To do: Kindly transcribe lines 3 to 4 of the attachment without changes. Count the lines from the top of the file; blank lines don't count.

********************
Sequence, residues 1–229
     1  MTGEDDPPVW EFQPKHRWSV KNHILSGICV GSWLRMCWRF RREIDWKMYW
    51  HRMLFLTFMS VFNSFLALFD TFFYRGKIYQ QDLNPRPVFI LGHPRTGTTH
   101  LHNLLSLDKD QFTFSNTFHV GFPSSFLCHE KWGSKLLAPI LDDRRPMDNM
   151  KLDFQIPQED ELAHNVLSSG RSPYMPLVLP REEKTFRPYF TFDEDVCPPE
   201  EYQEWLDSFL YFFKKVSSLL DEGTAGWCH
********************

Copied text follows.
    51  HRMLFLTFMS VFNSFLALFD TFFYRGKIYQ QDLNPRPVFI LGHPRTGTTH
   101  LHNLLSLDKD QFTFSNTFHV GFPSSFLCHE KWGSKLLAPI LDDRRPMDNM